Updated: Jun 18, 2018
A Chinese culinary secret revealed: how to recreate restaurant flavors in your home kitchen.
Makes 4 cups
2 cups shiitakes, cleaned and sliced (any mushroom will do or even a mixture of several)
2 cups green beans, washed
2-4 tbsp water for cooking and sautéing (optional: 2 tbsp oil)
4 cloves garlic, sliced thinly
On a heated pan, and add water (or oil) and sauté mushrooms, making sure most mushrooms touch surface of pan to form a sear
Add green beans and sauté in the same way until crisp. Cook for 2 minutes and then mix
Add garlic and fermented tofu and cook for 2-3 minutes
Add salt to taste
Note: Here’s a method for preparing the green beans to preserve the vibrant green while retaining the crunch. Boil water and add the green beans, cooking until al dente (tender yet firm). Then transfer them to a bowl of ice water until they’re ready for use.
Chinese Culinary Secrets
There’s something delectable about the vegetables in a Chinese restaurant, my favorite way to eat veggies. And I finally learned the secret. My sister-in-law, Nena, a Chinese-Vietnamese American, introduced me to fermented tofu. It’s an ingredient I had never heard of before meeting her. Fermented tofu, garlic and salt are the key ingredients that make Chinese vegetable dishes so addictive.
Some restaurants might add MSG, which heightens the flavor, but even without it these are amazing. Look for fermented tofu in your local Asian grocer (Amazon also carries them but charges far more).
Better Than a Michelin-Starred Restaurant
I made this dish for a friend who had recently undergone surgery. In those times when someone needs a boost to their health, I immediately reach for plant-based nutrition – in other words, plant medicine. The mushrooms in this recipe possess infection-fighting capabilities and the green beans, while providing a host of nutritional benefits like fiber and vitamins, are currently in season and add freshness to the dish.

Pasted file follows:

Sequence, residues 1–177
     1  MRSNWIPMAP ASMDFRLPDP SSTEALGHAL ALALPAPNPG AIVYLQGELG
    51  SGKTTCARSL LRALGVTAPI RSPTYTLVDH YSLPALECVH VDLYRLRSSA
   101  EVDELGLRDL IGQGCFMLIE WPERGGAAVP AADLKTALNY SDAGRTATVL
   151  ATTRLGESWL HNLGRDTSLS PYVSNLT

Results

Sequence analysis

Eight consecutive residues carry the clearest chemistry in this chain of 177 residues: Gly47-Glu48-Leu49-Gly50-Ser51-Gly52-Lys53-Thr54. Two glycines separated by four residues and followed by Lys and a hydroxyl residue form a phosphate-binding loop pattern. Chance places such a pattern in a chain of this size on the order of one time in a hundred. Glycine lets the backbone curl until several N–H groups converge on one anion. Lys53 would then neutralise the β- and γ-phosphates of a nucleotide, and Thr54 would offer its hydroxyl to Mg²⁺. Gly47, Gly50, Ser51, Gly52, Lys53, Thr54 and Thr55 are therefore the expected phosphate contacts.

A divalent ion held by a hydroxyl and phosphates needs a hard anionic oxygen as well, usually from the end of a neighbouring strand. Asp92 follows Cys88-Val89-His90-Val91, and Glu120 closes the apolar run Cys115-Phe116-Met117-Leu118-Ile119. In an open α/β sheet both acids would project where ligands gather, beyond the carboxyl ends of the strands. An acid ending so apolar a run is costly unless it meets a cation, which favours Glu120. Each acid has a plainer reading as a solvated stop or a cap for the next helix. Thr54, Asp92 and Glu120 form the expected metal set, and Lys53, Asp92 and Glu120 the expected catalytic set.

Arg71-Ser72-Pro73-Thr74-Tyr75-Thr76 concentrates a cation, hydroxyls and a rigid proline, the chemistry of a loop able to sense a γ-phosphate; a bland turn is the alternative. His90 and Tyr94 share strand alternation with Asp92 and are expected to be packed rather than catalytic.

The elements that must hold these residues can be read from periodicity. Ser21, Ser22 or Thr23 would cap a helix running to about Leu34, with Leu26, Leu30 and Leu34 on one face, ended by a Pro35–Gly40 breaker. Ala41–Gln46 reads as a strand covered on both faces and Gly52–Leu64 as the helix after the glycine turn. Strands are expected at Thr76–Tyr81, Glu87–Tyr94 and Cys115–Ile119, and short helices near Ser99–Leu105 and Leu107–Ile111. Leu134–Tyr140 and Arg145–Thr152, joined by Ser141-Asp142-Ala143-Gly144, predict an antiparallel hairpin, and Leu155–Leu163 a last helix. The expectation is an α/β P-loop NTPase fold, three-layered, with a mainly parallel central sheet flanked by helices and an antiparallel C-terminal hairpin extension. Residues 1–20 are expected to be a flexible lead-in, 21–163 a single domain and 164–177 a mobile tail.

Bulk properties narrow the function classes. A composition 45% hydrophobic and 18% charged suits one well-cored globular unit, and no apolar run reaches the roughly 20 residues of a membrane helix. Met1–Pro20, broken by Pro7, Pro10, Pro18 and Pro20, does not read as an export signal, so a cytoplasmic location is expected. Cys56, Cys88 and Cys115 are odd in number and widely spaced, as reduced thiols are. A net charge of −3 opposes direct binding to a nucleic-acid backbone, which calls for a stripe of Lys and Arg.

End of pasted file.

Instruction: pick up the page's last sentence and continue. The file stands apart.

One of my favorite restaurants in Orange County is Din Tai Fung, whose Hong Kong branch boasts a Michelin Star. When I visit the restaurant with family or friends, we often order their green bean dish, and it's always delicious. It’s what I envision when I make green beans at home.
But is my recipe better? Yes, and let me explain.
This recipe retains the flavor of the dish while amplifying its nutrition. The mushrooms in the recipe contain mitochondria-accessing power and possess the benefits of an amino acid called ergothioneine (mushrooms are one of the few foods to possess it). In his video, Dr. Michael Greger highlights some of their nutritional properties including the ability to protect our cells, our DNA, and even areas in our bodies prone to “oxidative stress – the lens of our eye, the liver, as well as really sensitive areas like bone marrow and semen.”
Protection Against Cancer
Mushrooms provide further benefits. First, ergothioneine is “heat-stable” – cooking mushrooms will not destroy the amino acid, therefore retaining their nutritional properties (Dr. Michael Greger, How Not To Die, pg. 326).
Also, mushrooms provide cancer-fighting advantages. Dr. Greger recounts a study (How Not To Die, pg. 197) that compares 1,000 women with breast cancer to 1,000 women without (all similar in age, weight, smoking and exercise habits). His conclusion: “The women whose mushroom consumption averaged just about one-half a mushroom or more per day had 64 percent lower odds of breast cancer compared with women who didn’t eat mushrooms at all. Eating mushrooms and sipping at least half a tea bag’s worth of green tea each day was associated with nearly 90 percent lower breast cancer odds.”
Mushrooms and green tea – cancer-fighting properties and a plethora of nutrients – these are simple and savory ways towards greater health. So for those at risk with a family history of breast cancer (like me) why not enjoy some green tea and mushrooms while reaping their nutritional benefits?